The dataset used in this example notebook is from the Nakadake Sanroku Kiln Site Center in Japan. The data set is provided by Shinoto et al. under the CC-BY-4.0 license: DOI

Creating filter pipelines

import afwizard

This Jupyter notebook explains the workflow of creating a ground point filtering pipeline from scratch. This is an advanced workflow for users that want to define their own filtering workflows. For basic use, try choosing a pre-configured, community-contributed pipeline as described in the notebook on selecting filter pipelines.

For all of below examples, we need to load at least one data set which we will use to interactively preview our filter settings. Note that for a good interactive experience with no downtimes, you should restrict your datasets to a reasonable size (see the Working with datasets notebook for how to do it). Loading multiple datasets might be beneficial to avoid overfitting the filtering pipeline to one given dataset.

dataset = afwizard.DataSet(
    filename="nkd_pcl_epsg6670.laz", spatial_reference="EPSG:6670"

Creating from scratch

The main pipeline configuration is done by calling the pipeline_tuning function with your dataset as the parameter. This will open the interactive user interface which allows you to tune the filter pipeline itself in the left column and the visualization and rasterization options in the right column. Whenever you hit the Preview button, a new tab will be added to the center column. Switching between these tabs allows you to switch between different version of your filter. The return object pipeline is updated on the fly until you hit the Finalize button to freeze the currently displayed filter.

pipeline = afwizard.pipeline_tuning(dataset)
/home/docs/checkouts/ FutureWarning: Neither gdal.UseExceptions() nor gdal.DontUseExceptions() has been explicitly called. In GDAL 4.0, exceptions will be enabled by default.

If you want to inspect multiple data sets in parallel while tuning a pipeline, you can do so by passing a list of datasets to the pipeline_tuning function. Note that AFwizard does currently not parallelize the execution of filter pipeline execution which may have a negative impact on wait times while tuning with multiple parameters. A new tab in the center column will be created for each dataset when clicking Preview:

pipeline2 = afwizard.pipeline_tuning(datasets=[dataset, dataset])

Storing and reloading filter pipelines

Pipeline objects can be stored on disk with the save_filter function from AFwizard. The filename passed here, can either be an absolute path or a relative one. Relative paths are interpreted w.r.t. the current working directory unless a current filter library has been declared with set_current_filter_library:

afwizard.save_filter(pipeline, "myfilter.json")
WARNING: This filter has insufficient metadata. Please consider adding in af.pipeline_tuning!

The appropriate counterpart is load_filter, which restores the pipeline object from a file. Relative paths are interpreted w.r.t. to the filter libraries known to AFwizard:

old_pipeline = afwizard.load_filter("myfilter.json")

A filter pipeline loaded from a file can be edited using the pipeline_tuning command by passing it to the function. As always, the pipeline object returned by pipeline_tuning will be a new object - no implicit changes of the loaded pipeline object will occur:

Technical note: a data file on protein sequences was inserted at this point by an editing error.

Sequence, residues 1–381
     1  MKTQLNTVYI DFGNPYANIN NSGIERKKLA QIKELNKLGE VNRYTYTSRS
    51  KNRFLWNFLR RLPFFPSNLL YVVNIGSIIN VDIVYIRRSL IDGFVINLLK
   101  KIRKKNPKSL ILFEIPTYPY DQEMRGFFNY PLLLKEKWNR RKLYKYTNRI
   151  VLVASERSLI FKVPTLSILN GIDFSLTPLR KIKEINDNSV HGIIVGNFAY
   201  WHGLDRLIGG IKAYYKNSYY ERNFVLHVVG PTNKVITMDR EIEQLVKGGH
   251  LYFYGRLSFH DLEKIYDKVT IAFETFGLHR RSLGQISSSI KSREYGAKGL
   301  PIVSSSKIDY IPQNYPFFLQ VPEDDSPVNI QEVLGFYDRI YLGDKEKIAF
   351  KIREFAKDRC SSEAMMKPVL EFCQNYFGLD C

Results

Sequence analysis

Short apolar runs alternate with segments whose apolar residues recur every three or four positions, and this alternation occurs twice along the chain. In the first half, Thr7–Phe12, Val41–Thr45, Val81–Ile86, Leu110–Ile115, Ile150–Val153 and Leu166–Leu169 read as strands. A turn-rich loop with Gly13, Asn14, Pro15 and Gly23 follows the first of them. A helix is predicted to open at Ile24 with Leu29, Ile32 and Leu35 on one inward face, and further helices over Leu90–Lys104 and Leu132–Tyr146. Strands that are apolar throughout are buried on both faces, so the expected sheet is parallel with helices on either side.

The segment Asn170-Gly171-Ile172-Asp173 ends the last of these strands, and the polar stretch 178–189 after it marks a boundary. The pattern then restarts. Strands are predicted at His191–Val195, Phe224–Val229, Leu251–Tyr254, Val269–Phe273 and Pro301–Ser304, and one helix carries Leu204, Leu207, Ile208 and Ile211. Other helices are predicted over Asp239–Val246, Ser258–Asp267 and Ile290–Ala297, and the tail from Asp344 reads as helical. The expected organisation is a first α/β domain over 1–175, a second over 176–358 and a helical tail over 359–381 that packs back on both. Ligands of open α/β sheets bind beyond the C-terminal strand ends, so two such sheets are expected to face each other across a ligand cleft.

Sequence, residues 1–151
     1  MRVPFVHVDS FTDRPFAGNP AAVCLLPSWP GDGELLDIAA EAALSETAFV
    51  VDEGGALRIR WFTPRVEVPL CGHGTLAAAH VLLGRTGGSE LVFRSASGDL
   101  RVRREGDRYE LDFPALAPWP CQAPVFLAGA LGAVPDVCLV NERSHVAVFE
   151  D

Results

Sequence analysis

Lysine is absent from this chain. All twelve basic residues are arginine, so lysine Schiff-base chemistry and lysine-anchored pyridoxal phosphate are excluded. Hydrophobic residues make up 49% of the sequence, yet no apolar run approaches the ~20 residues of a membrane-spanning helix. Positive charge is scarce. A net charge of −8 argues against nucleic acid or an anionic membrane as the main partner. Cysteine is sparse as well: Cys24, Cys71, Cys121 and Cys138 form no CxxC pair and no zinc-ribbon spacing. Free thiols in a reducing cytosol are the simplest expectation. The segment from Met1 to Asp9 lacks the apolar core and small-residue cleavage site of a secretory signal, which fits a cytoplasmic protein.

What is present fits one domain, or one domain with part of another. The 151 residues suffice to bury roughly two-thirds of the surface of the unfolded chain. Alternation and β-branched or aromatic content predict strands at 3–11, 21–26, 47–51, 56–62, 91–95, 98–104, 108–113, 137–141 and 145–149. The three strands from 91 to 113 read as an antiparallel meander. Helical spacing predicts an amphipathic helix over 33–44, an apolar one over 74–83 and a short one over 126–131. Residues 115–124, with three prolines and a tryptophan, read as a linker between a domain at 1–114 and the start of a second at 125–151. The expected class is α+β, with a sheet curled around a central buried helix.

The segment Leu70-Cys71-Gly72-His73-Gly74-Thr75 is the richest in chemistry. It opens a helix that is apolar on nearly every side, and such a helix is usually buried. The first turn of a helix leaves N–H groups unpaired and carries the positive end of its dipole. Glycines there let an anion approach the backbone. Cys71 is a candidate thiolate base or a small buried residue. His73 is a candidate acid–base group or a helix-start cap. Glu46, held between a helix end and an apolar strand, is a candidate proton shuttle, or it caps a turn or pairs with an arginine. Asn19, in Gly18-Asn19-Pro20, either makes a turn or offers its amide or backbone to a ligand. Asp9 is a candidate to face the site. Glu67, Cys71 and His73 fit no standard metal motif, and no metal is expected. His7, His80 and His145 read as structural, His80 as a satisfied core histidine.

edited_pipeline = afwizard.pipeline_tuning(dataset, pipeline=old_pipeline)

Batch processing in filter creation

The pipeline_tuning user interface has some additional powerful features that allow you to very quickly explore parameter ranges for filter. You can use this feature by clicking the symbol next to a parameter. This will open a flyout where you can specify a range of parameters to generate previews for. Ranges can either be a discrete comma separated list e.g. 1, 2, 3, a range of parameters like 4:6 or a mixture there of. Ranges are only available for numeric inputs and can be provided an optional increment after a second colon like e.g. 1:5:2. In the absence of an explicit increment, integer ranges use an increment of 1 and float ranges sample the range with a total of 5 samples points. When clicking Preview, batch processing information is resolved and the batch information is discarded.

Filter pipelines with end user configuration

The goal in creation of filter pipelines in AFwizard is to provide pipelines that are on the one hand specialized to a given terrain type and on the other hand generalize well to other datasets of similar terrain. In order to achieve this it is sometimes necessary to define some configuration values that are meant to be finetuned by the end user. We can do by clicking the symbol next to a parameter. Like in batch processing, a flyout opens where we can enter values, a display name for the parameter and a description. Values can either be a comma-separated list of values or a single range of parameters with a :. These parameters are displayed to the end user when selecting a fitting filter pipeline as described in Selecting a filter pipeline for a dataset. This end user configuration interface can also be manually invoked by using the filter pipeline’s execute_interactive method:

tuned = pipeline.execute_interactive(dataset)

Applying filter pipelines to data

Pipeline objects can also be used to manipulate data sets by applying the ground point filtering algorithms in a non-interactive fashion. This is one of the core tasks of the afwizard library, but this will rarely be done in this manual fashion, as we will provide additional interfaces for (locally adaptive) application of filter pipelines:

filtered = pipeline.execute(dataset)

The returned object is a dataset object in itself that can again be treated like described in Working with datasets: